Marcia Wallace: Well, he's an original. He's a treasure. He has a way of of, you know, looking at life and people and everything. And there was nobody like him, you know. I mean, there's been plenty of people who've who've used his is whatever it is, he does his off center, his low key, his whatever. There was nobody like Bob. No, I think he's one of a kind. You know, I think in a world of imitation is the real McCoy. I really do. And I think that's why he's still around. Decades later, I think he wears well, I think the show where war well, but because we were an awful good cast. If I do say so myself, we had a lot of chemistry. You know, you've got your room. You've got your you're to fall to a hit. You've got your scripts and you got the chemistry. You scripts you can do something about. You can get better writing, but not chemistry. You either got it or you don't. I mean, look at friends. You either got it or you don't. And we had it. And aren't we lucky? Aren't we lucky?

Interviewer: Do you remember that first filming whatever the first you know, that first week? Tell me about that. And also, I just wonder, because Bob obviously was not a sitcom person who had come from a standup, that.

Marcia Wallace: He was a standup.

Marcia Wallace: I'm sorry. I jumped on.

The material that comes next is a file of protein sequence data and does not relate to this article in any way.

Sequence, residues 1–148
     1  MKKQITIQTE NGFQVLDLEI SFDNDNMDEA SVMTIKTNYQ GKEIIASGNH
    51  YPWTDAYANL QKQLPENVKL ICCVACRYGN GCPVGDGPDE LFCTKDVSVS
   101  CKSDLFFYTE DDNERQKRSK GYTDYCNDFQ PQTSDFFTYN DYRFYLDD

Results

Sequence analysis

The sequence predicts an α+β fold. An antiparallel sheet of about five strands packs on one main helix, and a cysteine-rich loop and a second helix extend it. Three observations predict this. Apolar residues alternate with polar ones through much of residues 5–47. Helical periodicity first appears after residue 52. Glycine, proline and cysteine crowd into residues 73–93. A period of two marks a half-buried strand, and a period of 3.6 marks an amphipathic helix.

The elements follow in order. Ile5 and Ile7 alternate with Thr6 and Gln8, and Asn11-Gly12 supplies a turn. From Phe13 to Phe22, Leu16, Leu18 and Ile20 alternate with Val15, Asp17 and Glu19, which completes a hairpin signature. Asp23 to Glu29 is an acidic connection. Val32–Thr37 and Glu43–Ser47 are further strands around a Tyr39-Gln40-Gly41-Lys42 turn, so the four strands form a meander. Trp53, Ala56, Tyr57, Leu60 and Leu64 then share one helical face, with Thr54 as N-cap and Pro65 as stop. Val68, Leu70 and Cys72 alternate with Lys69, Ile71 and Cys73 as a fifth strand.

Marcia Wallace: No, no. You know, the great thing about our show was that Bob would do the standup. I think you did it on Newhart, too. And I'm sure later on, Roseanne. I don't know about some of the other comics who did their own shows, but Bob did it to unwind. So they got a standup like a 50 minute standup and a sitcom and jazz. I mean, this was a hot ticket for the audience. So Bob would come out and introduce everyone. I really was a nervous wreck. I don't know how, you know, they were kind of I mean, when the head of the network says, well, you should hire her. But I was picked by anybody who'd been doing the show. Lorenzo Music had taken me to lunch and said, well, they like you over there at CBS. But I kept thinking and I got no laughs. I got no laughs. I didn't have much to do and I didn't know the setup at all for first time. I didn't know how it worked. It's now it's my favorite and it's ideal for an actor. It's the best job in the world because, you know, it's the best of both worlds you've got. You rehearse. It's like doing a play and get more money. Hello. And so I had been doing it and doing it, and I was still very self-conscious and I kind of was walking into walls because I didn't know the shorthand, the camera, and I'd start to do something and they'd go, I know, hon. No, no, that's not how we do it. And that's in your three camera here. No, no, no. Marcia now come come back. And then I had this line and in front of the audience, I said it. And they screamed and I thought. I am home.

Interviewer: What was it?